One of the earliest versions of Mickey Mouse has now stepped into the public domain and we’re seeing the results of it already, the first being an exceedingly unsettling Mickey Mouse horror game. Infestation 88, a co-operative horror survival game, was just announced by Nightmare Forge Games, a company known for its horror-based content since 2010. Announced on 1 January 2024, the game will be available on Steam sometime in 2024. The Mickey Mouse horror game echoes the nightmarish style of Winnie the Pooh: Blood and Honey, taking something renowned for its kid-friendly innocence and turning it into complete nightmare fuel. While Disney has worked hard to keep its most celebrated character tightly wrapped within its protection, the rules are the rules and they have had to let go of the rights to the original Mickey Mouse and Minnie Mouse characters.
The Mickey Mouse public domain entry was slated to take place way back in 1984 but through laws that the company actively pushed for, it was shifted to 2004 and the 1998 Copyright Term Extension Act added in another 20 years for good measure. Now, copyright laws apply for 95 from the original publication of the work, making the Mickey Mouse horror game possible for 2024. The Copyright Term Extension Act of 1998 is often nicknamed the Mickey Mouse Protection Act, owing to Disney’s considerable push for the law, even if the company itself may not have been as actively instrumental in its creation.
A Mickey Mouse Horror Game? How Did We Get Here?
If you’re wondering how Disney would allow a Mickey Mouse horror game to even exist, it’s because the company no longer has a say in the matter when it comes to the early Mickey design. Disney’s copyrights over Steamboat Willie, a 1928 short film that featured Mickey and Minnie, have now expired and are available in the public domain for everyone to use and rework without having to pay Disney for it. The expiration of the copyright allows works like Infestation 88 to exist, where these early character designs and art can be interpreted and used freely without requesting permission for use.
While that sounds simple enough to understand, Disney still holds the copyrights to more modern versions of the characters and the version of Mickey Mouse in the public domain is only the one from Steamboat Willie. Anyone who chooses to use the original artwork may still overstep their digital freedom and wade into modern Mickey territory, falling victim to any action that Disney chooses to take against them for copyright violation. It is going to be quite difficult for Disney to really regulate and moderate the many versions of Mickey we may start to see soon, and proving that the recreation of the character violates their copyrights is going to be a murky endeavor but for a company the size of Disney, it’s quite possible they might pursue legal action just because they can.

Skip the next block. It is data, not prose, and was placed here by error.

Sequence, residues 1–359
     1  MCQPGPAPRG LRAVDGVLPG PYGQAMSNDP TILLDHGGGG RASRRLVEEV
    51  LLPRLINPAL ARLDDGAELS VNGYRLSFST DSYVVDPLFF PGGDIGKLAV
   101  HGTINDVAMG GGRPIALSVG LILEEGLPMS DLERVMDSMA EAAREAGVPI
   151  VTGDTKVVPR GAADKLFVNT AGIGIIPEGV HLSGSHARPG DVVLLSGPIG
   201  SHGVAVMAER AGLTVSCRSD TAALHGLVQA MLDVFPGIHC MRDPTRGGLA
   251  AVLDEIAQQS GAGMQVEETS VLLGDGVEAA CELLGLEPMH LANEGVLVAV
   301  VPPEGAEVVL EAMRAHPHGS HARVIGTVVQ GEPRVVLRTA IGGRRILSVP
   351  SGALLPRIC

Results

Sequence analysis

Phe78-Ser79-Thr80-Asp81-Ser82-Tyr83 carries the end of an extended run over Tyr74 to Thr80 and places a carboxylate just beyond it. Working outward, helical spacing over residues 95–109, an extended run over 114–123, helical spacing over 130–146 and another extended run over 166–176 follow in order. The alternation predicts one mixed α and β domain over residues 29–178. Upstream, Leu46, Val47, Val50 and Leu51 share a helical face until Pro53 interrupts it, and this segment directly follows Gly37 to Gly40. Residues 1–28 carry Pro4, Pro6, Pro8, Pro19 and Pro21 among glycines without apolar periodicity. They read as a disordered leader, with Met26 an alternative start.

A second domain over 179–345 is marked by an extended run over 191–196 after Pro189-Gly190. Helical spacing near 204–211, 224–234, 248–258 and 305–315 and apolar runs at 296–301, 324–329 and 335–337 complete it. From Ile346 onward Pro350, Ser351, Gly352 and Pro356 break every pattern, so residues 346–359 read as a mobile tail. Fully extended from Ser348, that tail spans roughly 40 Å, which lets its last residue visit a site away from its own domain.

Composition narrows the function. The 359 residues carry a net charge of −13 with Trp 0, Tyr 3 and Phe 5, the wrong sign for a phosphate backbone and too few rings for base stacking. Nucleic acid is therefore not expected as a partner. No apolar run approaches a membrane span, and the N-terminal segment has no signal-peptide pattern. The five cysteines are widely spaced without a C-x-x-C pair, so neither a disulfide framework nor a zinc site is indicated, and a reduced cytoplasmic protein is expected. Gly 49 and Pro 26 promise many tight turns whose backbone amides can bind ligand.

Starting 1 January 2024, you can now use the Mickey Mouse from the Steamboat Willie character version for your own art and design, but there are limitations to what you can do. Trademark protections ensure that you cannot use the Mickey logo in a way that confuses consumers into thinking your work is a creation of, or sponsored by, Disney. In addition, you cannot use any of the newer, copyright-protected versions of Mickey Mouse as you will expose yourself to legal action as a result. Winnie-the-Pooh: the Deforested Edition and Winnie the Pooh Blood and Honey, are a few examples of the creative liberties you can take with the material once in the public domain. Infestation 88 is the first to redefine the Mickey Mouse identity.
Infestation 88—Exploring the Mickey Mouse Horror Game
The Mickey Mouse horror game by Nightmare Forge games was announced simultaneously with Mickey Mouse entering the public domain on 1 January 2024. Taking on a twisted version of the character that Disney cannot begin to claim is derivative of the character version still protected by its laws, the new horror game focuses on an infestation of rodents that can turn anyone’s stomach at the sight. According to Collider, the game might also feature some other familiar characters from urban legend such as Mothmath, making the Infestation 88 roster one to behold.
The Mickey Mouse horror game follows an extermination crew that has to locate and treat a vile rat infestation using the resources they have at hand and collecting others along the way. Designed as a co-op game, players should be able to team up into 4-player parties and do what they can to survive the rodents. The art resembles the iconic character designs from Five Nights at Freddy’s but its unique take on Mickey is quite distinct. It’s going to be interesting to see how the game plays out and its success will largely depend on how long it can sustain an audience because early adoption will be inevitably high with gamers reaching out to try out this new non-Disney experience.
It is interesting how Disney has been holding on to copyrights, considering how a lot of their works are built upon works that have similarly entered the public domain. From their recreations of Alice in Wonderland and Cinderella to their popular title like Frozen being derivative of Hans Andersen’s The Snow Queen, Disney is no stranger to what can be built on works that enter the public domain which is likely why they are so determined to keep their own work out of it. This is only the first adaptation we should see in the next few months and many more reimaginations will likely follow soon enough. Characters like Peter Pan and Tigger are also going to make their public entry in 2024 and new stories and redesigns with these familiar faces will keep us guessing at the true potential of these icons throughout the year.